Based on yesterday’s post regarding firewall best practices, I thought it made sense to go ahead and post the ‘best practices’ content here as well. This is straight out of my Firewall Best Practices document I just recently updated:
Firewalls are not the end all, be all solution to information security. They are, however, a necessary component of an effective network security infrastructure. The following list is a set of reasonable practices to consider in order to ensure your firewall(s) is configured for optimal effectiveness. Remember, “best practices” aren’t a one-size-fits-all solution. Furthermore, reasonable firewall configuration and management doesn’t automatically minimize risks. Your mileage – and your priorities – will vary.
1. Don’t assume your firewall is the answer to your network security. Things are way more complicated.
2. Deny all traffic by default and only enable those ports, protocols, and services that are needed.
3. Make sure the security rule set on the firewall remains consistent with the organization’s written information security policy. Also, be sure not to confuse your firewall rulebase with your internal ‘security policy’. They’re not the same. The former outlines what the firewall lets in and out of the network. The latter is for internal dos and don’ts outlining ‘this is how we do things here’. You do have a set of security policies, right?
4. Limit the number of applications that run on the firewall in order to maximize CPU cycles and network throughput. This will let the firewall do what it’s best at doing. Consider running anti-virus, content filtering, VPN, DHCP, and authentication software on other dedicated systems behind the firewall and, in some cases, in front of the firewall.
5. Run the firewall service as a unique user ID instead of administrator or root.
6. Set or change the default firewall administrator or root password before you ever connect it to the public Internet. It sounds too obvious, but I often see it in my work – many firewall passwords are never set or changed from their default. Make it a long complex passphrase that’d be very difficult to guess and ideally easy to remember. Change the password every 6-12 months or if it’s ever suspected to have been compromised.
7. Do not rely on packet filtering alone. Use stateful inspection, proxies, and application level inspection where possible.
8. Filter packets for correct source and destination addresses to keep malicious traffic from entering and leaving your network. This will help prevent denial of service attacks.
9. Ensure that physical access to the firewall is controlled. Again, another obvious statement but you’d be amazed at how many firewalls out there are accessible to anyone and everyone who wants to wreak havoc.
10. Keep your firewall configuration as simple as possible and eliminate unneeded or redundant rules to ensure that the firewall is configured to support your specific needs. This requires auditing your rulebase periodically which can be done manually, or ideally, using a tool such as Karalon’s TrafficIQ Pro (www.karalon.com).
11. Perform regular security tests against your firewall including any VPN endpoints it’s hosting. New exploits are continuously discovered and must be tested for on a consistent basis. In addition, the slightest firewall system or rule set modifications can completely change the firewall’s security capabilities. Perform these tests on every interface of the firewall in all directions. Also, if possible, perform these tests with and without the firewall rules enabled to determine how vulnerable you will be when the firewall is not functioning properly.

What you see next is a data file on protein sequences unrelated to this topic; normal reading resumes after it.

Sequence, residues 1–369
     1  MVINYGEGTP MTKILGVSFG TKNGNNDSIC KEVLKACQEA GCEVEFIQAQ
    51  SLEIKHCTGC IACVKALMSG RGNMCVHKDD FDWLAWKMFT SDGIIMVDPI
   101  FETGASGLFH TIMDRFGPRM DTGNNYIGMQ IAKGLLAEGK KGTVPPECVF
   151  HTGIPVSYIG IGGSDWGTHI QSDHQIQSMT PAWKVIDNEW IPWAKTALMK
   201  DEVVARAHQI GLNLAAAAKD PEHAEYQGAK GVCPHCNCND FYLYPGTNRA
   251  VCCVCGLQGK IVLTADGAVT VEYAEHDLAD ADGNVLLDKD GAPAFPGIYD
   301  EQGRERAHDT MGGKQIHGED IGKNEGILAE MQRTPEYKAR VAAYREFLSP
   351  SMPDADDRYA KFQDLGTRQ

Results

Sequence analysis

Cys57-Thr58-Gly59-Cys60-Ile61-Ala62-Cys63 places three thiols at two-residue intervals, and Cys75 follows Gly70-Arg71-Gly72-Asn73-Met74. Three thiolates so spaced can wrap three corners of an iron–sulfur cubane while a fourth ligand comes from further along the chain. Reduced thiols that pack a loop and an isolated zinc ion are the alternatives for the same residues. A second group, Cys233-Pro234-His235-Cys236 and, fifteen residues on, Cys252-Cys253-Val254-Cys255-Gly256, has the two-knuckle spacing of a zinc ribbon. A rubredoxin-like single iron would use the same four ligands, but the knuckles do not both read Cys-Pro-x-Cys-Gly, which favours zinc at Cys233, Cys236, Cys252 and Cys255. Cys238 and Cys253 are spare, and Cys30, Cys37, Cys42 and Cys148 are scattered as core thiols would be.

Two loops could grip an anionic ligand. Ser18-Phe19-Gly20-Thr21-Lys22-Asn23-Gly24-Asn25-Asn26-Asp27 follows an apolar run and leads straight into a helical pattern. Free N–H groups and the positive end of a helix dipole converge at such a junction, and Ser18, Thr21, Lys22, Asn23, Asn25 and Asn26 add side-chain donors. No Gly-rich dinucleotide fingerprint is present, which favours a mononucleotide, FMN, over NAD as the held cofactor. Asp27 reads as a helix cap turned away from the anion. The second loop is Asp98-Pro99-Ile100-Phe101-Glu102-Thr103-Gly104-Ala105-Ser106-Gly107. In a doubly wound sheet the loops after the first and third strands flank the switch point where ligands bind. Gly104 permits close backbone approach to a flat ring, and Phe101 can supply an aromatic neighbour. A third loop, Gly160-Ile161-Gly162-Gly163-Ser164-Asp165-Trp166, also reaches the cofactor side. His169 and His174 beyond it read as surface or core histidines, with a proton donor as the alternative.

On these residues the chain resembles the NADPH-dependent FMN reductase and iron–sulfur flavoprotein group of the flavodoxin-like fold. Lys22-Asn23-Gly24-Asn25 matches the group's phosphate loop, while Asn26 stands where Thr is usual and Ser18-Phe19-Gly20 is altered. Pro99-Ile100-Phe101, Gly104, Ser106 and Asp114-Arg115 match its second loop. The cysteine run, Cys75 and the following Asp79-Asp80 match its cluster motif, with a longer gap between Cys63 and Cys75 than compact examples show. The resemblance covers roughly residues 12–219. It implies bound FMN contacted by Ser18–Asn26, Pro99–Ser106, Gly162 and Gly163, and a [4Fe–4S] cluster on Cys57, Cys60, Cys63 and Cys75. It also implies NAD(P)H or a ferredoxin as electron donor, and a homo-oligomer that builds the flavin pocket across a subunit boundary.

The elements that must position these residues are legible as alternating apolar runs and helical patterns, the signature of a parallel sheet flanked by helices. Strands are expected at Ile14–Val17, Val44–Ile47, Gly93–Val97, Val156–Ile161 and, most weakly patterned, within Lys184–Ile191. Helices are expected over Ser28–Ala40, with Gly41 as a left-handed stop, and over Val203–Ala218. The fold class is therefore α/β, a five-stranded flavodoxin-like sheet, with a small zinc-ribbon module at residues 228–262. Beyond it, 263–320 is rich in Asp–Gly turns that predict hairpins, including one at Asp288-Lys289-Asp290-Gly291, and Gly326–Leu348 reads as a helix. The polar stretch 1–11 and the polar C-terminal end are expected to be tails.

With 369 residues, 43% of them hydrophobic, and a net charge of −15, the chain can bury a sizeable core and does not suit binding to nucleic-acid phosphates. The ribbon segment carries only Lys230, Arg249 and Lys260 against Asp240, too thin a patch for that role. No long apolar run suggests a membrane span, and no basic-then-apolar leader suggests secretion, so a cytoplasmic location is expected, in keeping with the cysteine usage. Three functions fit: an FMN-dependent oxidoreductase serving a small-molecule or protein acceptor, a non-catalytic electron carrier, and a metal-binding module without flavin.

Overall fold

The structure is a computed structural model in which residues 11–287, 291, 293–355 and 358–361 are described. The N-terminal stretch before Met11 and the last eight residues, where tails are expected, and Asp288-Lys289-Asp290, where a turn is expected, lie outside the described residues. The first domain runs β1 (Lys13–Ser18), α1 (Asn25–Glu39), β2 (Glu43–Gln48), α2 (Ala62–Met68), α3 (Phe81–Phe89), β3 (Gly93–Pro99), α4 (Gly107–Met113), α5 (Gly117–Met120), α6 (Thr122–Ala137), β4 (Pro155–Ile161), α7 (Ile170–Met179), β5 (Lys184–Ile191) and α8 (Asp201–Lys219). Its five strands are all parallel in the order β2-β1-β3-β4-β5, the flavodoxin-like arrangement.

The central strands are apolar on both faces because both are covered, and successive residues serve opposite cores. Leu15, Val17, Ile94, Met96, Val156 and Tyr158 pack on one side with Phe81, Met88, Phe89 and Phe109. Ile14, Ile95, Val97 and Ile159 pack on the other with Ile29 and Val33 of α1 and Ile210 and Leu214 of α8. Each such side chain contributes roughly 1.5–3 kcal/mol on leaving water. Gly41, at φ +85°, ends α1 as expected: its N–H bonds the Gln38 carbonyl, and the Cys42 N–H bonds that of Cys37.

12. Patch the firewall’s operating system and application software with the latest code on a regular basis. This requires continually monitoring (or subscribing to) your firewall vendor’s security bulletins. However, make sure you test these updates in a controlled, non-production timeframe or environment whenever possible.
13. Use firewalls internally to segment networks and permit access control based upon business needs.
14. Enable firewall logging and alerting if possible but ONLY if it’s going to be managed. Otherwise, it’s a waste of processor cycles. Treat the logs as business records and include them in your information retention policy.
15. Use a secure remote syslog server that makes log modification and manipulation more difficult for a malicious attacker.
16. Consider outsourcing your firewall management to a managed service provider so you can leverage their aggregation of expertise, network trending analysis and intelligence. This will also save you time and money by allowing you and your team to focus on your core business needs.
17. Use change-management practices such as those outlined by ITIL for the firewall to approve changes needed, assess the reason(s) for the changes, document the changes made, and describe the necessary back-out procedures in case the changes fail. This is extremely important.
18. Require that all remote computers run personal firewall/intrusion prevention software. Firewalls can be easily circumvented if using wireless network systems internally, so it pays to have another layer of defense on your hosts. Make this something that cannot be easily disabled by users. No exceptions.
19. Regularly backup the firewall rulebase and configuration files and keep the backups offsite. This doesn’t seem important until the time comes for you to restore after a system failure, etc.
20. Remember that firewalls are rarely in a position to prevent attacks that originate from inside your network. An acceptable usage policy, personal firewalls and host-based intrusion prevention software, network monitoring, content filtering, and access controls on all hosts can help lower these risks.
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